A workbook using pictures of real money provides interesting work for many students. The workbook should include activities on recognition of rupee notes and coins, relative value of rupee notes and coins, deriving correct change from purchases of various items and such other exercises.

For older children, the use of pay cheques, saving accounts and home budgets may be taught. Home budgeting may be taught using ditto sheets of bills and statements for utilities, rent, food and clothes. Basic book keeping skill also may be taught, to help them in keeping a home budget. During the process, the students to maintain home records, filing receipts and so on.

Banking skills also should be taught directly. The student should learn how to deposit and withdraw money, write and maintain a saving account.

Currency based token economy
Alternative to workbooks or a simulated unit on money is a currency-based token economy in the classroom. Token economies are usually developed to motivate students to do their work or to control disruptive behaviour. A currency based economy may be used effectively to teach counting, tending exact change and the relative value of the money. It provides an environment that promotes decision making regarding the safe keeping of money, what can and cannot be purchased with money on hand, how to save money and other concepts. At the vocational level, students can be paid for coming to class on time, punching in and out, getting to work quickly without delay and doing accurate work.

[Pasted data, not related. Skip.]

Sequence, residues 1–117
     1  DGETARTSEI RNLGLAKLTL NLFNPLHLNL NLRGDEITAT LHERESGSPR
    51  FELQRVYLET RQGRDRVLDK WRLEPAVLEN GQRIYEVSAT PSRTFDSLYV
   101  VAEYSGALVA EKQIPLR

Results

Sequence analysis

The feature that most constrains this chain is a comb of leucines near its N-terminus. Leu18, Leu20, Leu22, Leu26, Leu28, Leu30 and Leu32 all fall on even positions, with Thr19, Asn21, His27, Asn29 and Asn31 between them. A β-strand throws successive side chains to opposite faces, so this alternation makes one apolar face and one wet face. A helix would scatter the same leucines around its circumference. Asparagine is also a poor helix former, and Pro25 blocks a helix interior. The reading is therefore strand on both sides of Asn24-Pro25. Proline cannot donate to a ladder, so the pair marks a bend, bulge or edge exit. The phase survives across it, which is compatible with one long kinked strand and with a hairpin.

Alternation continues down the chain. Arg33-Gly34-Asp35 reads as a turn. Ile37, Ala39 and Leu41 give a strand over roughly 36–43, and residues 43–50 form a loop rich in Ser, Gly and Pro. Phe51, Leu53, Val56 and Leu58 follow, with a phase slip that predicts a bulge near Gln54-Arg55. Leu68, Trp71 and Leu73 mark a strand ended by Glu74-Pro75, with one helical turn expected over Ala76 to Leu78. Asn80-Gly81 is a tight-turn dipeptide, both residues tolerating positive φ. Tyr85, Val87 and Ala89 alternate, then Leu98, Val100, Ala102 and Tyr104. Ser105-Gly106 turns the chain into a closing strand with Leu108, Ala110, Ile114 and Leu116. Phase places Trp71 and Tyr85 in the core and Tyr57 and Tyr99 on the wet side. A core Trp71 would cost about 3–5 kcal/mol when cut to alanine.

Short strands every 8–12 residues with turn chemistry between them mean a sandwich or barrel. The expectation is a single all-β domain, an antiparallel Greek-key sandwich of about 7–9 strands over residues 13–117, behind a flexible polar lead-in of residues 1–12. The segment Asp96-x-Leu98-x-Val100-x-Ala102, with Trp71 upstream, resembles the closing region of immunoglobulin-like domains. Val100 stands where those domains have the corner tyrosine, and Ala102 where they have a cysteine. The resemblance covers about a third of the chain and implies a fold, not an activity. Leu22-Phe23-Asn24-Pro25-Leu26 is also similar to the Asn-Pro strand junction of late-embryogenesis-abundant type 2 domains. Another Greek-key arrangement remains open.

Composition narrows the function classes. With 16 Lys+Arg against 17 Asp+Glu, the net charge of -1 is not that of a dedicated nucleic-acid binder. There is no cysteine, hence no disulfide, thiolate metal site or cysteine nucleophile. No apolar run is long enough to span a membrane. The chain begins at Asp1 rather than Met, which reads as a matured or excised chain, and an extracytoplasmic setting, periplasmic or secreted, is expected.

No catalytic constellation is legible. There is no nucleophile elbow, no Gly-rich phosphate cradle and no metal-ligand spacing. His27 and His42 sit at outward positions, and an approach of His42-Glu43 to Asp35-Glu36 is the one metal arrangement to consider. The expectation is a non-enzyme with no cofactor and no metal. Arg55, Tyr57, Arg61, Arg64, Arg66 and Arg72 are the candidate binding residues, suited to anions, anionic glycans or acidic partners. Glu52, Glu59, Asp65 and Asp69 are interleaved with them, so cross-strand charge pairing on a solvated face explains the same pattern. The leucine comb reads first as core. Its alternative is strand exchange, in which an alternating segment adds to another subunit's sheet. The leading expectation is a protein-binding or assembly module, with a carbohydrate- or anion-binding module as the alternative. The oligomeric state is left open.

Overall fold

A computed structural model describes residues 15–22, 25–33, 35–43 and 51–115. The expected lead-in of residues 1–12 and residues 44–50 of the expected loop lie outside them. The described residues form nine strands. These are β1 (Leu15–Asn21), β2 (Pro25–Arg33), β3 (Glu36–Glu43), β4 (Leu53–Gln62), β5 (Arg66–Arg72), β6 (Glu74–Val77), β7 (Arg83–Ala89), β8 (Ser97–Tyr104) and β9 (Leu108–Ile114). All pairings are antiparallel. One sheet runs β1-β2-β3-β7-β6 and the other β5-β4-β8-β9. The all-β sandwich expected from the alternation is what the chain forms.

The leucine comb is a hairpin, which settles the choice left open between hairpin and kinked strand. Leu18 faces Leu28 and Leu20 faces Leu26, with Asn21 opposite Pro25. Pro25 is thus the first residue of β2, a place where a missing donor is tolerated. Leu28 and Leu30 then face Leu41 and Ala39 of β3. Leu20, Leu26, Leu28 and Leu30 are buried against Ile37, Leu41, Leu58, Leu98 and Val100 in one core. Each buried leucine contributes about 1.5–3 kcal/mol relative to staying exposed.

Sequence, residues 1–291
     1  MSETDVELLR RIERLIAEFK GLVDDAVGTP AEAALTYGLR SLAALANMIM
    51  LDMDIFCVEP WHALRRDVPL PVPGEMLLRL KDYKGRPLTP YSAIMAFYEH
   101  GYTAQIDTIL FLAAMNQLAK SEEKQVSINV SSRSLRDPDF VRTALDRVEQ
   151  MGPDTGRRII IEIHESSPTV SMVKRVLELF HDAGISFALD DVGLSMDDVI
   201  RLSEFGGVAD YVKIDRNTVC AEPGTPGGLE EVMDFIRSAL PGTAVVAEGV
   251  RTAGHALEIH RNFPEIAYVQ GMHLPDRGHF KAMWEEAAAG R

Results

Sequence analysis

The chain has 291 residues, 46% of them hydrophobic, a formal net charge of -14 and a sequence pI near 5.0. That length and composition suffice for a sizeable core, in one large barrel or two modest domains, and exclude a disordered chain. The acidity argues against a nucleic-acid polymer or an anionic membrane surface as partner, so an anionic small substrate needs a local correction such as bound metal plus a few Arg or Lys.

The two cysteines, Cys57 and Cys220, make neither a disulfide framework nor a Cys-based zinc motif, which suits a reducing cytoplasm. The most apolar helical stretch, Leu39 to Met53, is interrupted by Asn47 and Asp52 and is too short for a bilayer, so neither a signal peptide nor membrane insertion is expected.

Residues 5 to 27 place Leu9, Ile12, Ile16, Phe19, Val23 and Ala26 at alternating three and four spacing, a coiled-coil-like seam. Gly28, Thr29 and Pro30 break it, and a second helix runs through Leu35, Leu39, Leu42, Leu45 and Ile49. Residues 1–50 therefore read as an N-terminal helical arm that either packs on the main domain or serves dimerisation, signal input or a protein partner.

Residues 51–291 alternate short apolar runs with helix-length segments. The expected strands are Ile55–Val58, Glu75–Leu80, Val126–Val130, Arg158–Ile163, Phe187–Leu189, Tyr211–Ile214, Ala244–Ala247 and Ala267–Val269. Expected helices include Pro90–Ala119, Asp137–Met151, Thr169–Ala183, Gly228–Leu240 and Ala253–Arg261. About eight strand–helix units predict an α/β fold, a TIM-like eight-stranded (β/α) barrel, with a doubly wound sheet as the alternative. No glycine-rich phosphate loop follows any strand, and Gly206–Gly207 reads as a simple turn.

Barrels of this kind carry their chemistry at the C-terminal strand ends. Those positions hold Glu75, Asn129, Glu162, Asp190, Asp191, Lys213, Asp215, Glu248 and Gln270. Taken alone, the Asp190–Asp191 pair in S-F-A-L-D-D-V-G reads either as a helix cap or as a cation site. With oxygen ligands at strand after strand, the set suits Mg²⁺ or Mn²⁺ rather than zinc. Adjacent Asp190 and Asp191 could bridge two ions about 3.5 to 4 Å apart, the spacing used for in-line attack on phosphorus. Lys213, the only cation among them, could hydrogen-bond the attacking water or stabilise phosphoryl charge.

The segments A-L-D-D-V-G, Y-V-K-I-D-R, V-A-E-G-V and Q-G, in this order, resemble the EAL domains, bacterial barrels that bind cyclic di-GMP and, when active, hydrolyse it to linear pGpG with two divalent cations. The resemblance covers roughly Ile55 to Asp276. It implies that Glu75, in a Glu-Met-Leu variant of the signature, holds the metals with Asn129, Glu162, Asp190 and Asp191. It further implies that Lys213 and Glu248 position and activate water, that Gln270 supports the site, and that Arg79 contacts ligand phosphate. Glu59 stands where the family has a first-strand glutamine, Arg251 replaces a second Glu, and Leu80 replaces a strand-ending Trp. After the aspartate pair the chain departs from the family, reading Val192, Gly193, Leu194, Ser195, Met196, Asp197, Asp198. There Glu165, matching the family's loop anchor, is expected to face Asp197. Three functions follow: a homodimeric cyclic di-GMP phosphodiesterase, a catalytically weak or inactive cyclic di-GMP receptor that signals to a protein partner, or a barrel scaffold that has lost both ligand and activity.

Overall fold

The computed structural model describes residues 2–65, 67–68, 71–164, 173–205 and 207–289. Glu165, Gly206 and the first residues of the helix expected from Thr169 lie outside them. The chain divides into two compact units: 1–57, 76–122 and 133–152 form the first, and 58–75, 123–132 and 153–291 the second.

The first instruction in time should be to develop an understanding on the concept of time as a unit and as a sequence of events. A pre-requisite to telling time is an understanding of time itself. Concepts of today, tomorrow, yesterday, next week and so on are basics to understanding time. Next, students need to understand that certain things happen at certain times, like lunch break and end of class. The schedule of events greatly aids in teaching time.

The sequence for teaching time

One way of teaching, how to tell time is to have the child count from 1 to 60 on a number line. The child then superimposes 1 to 12 on the 1 to 60 lines (the 1 to 12 number line should be the same actual length as the 1 to 60). Counts off every five minutes, and marks them in different colours. This number line is then placed on a large clock with the hands removed or on a teacher made clock face of the appropriate size without hands.